This can happen quite suddenly and without warning.
This would be a dangerous situation for all concerned.
Rider and innocent bystanders alike.

Ballenxj 11-28-18 02:47 PM


Originally Posted by gster (Post 20682152)
I strongly disagree.
The heavier weight of the rear wheel (steel) will increase the momentum of the spinning wheel through centrifugal force
and therefore cause it to turn at a faster rate than the front wheel.
In time, when riding, (even at moderate speeds) you will find the speed and inertia of the rear wheel
will cause it to accelerate past the front.
This can happen quite suddenly and without warning.
This would be a dangerous situation for all concerned.
Rider and innocent bystanders alike.

You are both wrong, the reverse polarity can, and might cause levitation at the most inopportune times, but if you learn to control this, you then have an opportunity for a remake of E.T.
Sample of what could happen. --->

gster 11-28-18 03:01 PM


Originally Posted by Ballenxj (Post 20682210)
You are both wrong, the reverse polarity can, and might cause levitation at the most inopportune times, but if you learn to control this, you then have an opportunity for a remake of E.T.
Sample of what could happen. --->http://youtu.be/gTVoFCP1BLg

I've read a NASA research paper on the subject.
You obviously have access to their TOP SECRET,
Area 51 experimental test video.
Is there a Flux Capacitor involved?

Ballenxj 11-28-18 03:05 PM


Originally Posted by gster (Post 20682240)
I've read a NASA research paper on the subject.
You obviously have access to their TOP SECRET,
Area 51 experimental test video.
Is there a Flux Capacitor involved?

Shhh, I cannot divulge that intel. ;)

52telecaster 11-28-18 03:13 PM


Originally Posted by 56ford (Post 20681109)
I apologize in advance if this question has been asked and answered but Iím curious about wheels. Can I run an alloy wheel on the front and keep the original steel on the rear? Thanks!

yes

clubman 11-29-18 11:35 AM

Britain abandoned the guards on export models because of import tariffs based on weight, or so the popular wisdom goes.

Most of the dutch chainguards were and are reasonably light. Usually it's a metal frame with fibrous panels, almost like a leatherette (or plastic) so the weight penalty is minimal. These never went out of style in Holland, where a large segment of the urban population continues to commute by bike.

BigChief 12-01-18 08:35 AM

Nice looking 1950 Humber in N.H.

https://nh.craigslist.org/bik/d/1950...747232601.html

gster 12-01-18 09:00 AM


Originally Posted by BigChief (Post 20686111)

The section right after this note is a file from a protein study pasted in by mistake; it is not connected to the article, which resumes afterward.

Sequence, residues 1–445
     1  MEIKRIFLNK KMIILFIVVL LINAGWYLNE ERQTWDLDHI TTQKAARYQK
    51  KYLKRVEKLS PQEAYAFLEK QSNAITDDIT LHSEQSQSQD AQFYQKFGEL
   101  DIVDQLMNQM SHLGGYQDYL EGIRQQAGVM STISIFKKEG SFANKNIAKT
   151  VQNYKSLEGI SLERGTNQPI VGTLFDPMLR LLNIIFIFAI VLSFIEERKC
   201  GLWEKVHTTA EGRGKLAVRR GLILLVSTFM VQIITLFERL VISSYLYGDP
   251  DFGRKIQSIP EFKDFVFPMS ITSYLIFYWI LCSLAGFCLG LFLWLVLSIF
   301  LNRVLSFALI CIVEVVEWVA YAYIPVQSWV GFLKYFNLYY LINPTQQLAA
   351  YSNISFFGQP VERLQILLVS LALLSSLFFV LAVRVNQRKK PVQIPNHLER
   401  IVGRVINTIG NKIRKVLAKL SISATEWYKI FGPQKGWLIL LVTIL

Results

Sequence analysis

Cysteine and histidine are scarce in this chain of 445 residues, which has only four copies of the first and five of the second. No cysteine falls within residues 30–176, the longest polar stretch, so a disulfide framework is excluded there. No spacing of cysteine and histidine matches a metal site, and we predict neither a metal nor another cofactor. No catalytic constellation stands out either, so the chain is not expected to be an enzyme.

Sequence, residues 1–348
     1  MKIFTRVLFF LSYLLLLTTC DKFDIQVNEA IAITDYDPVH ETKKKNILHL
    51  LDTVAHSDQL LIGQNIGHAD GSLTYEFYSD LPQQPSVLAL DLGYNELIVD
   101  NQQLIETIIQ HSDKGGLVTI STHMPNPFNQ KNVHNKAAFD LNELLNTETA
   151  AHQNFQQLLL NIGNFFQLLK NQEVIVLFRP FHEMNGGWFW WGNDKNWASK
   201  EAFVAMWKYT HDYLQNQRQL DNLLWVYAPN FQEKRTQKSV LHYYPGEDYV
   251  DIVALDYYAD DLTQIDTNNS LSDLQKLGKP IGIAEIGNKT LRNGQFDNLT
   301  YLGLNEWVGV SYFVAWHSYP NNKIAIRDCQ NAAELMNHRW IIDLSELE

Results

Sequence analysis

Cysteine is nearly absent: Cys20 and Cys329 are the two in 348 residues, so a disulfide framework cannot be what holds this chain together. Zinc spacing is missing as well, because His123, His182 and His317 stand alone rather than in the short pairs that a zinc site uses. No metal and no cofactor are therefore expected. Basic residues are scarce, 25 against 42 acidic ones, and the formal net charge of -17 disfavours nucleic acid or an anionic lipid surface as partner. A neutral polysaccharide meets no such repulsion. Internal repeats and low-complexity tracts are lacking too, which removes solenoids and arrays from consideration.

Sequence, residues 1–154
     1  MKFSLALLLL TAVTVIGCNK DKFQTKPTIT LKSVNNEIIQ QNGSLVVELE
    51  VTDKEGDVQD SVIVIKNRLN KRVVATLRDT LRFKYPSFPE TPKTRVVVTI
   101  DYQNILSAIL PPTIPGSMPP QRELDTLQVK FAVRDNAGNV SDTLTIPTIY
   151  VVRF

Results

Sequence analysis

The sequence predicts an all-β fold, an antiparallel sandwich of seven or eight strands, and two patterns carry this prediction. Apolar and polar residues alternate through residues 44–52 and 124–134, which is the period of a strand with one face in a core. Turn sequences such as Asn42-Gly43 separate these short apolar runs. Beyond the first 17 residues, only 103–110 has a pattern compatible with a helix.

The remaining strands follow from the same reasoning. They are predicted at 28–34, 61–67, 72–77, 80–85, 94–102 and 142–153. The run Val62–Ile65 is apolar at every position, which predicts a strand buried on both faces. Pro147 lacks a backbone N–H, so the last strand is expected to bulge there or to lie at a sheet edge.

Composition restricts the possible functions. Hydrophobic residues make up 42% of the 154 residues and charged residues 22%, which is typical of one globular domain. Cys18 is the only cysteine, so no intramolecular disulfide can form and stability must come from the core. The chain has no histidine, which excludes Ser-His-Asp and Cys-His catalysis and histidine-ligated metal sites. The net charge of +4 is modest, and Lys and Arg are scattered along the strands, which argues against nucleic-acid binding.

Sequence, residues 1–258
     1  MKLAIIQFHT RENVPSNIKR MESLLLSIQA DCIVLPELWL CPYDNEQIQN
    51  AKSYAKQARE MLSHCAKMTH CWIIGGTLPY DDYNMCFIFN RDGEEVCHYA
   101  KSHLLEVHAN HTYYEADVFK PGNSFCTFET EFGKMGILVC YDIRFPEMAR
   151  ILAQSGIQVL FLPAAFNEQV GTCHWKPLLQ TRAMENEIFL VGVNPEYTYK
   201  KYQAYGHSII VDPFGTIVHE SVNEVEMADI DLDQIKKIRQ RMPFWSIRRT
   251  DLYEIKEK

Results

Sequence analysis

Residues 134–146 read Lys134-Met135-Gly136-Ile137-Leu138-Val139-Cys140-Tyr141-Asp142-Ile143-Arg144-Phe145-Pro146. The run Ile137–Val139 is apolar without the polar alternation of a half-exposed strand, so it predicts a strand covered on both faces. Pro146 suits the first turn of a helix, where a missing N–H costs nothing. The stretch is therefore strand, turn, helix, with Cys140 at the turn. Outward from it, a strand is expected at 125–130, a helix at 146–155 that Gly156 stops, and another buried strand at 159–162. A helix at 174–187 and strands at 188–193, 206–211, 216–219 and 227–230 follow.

I would say that it was a fair price @ 275.00
Old
Complete
Good paint/decals
Dynohub
Looks like a 22"

Stadjer 12-01-18 11:48 AM


Originally Posted by mtb_addict (Post 20683303)
Anybody know why the British decide to build so few bikes with full chain cover, unlike the Dutch?

As I understand the Dutch copied the original British Roadster which had a full chain cover. The Dutch kept the full chain cover and became the norm on almost all their bicycles. Looks like the British abandoned the full chain cover for some reason.

The Dutch copied a lot but also made a lot of changes for the Dutch market. The oil bath chaincase was a British invention, but I believe some improvement in chain technology allowed for just a full leather or fabric cover and that's probably when it became standard on Dutch bikes. It's nice if you don't want to do any maintenance like most Dutch, but if you have to anyway it's a pain in the ass. It makes changing a tube quite a job and it's opening them that wears them out quite quickly. It's a fiddly job that most people don't get right.

The main difference is that the Dutch abandon the full chain case if the first one is beyond repair, usually well before the bike has become an old beater. Fitting a new one is an expensive job, especially if you have it done. So often it gets replaces with a small chain guard or a guard that is only fully closed on one side, but on a new bike there shoulde be a full one. On my 40-year old Dutch roadster it's still on, but not perfectly and only after I learned the saddle stitch, used glue and repaired a hole with duct tape. Maybe I can take it off two more times before it's finished, and then it will be very hard to find a replacement in the right colour, seventies brown.

So actually it makes sense to abandon it and just oil and change the chain more frequently, especially if the bike is mainly for touring in nice weather than for a daily commute in suit in Dutch weather.


Originally Posted by clubman (Post 20683365)
Britain abandoned the guards on export models because of import tariffs based on weight, or so the popular wisdom goes.

Most of the dutch chainguards were and are reasonably light. Usually it's a metal frame with fibrous panels, almost like a leatherette (or plastic) so the weight penalty is minimal. These never went out of style in Holland, where a large segment of the urban population continues to commute by bike.

I'm pretty sure weight has never been much of a consideration for Dutch bikes. There were a lot of metal full chain cases in the 60's and 70's too, and these days it's more often hard plastic. The fabric ones are mostly for the (black) classic models.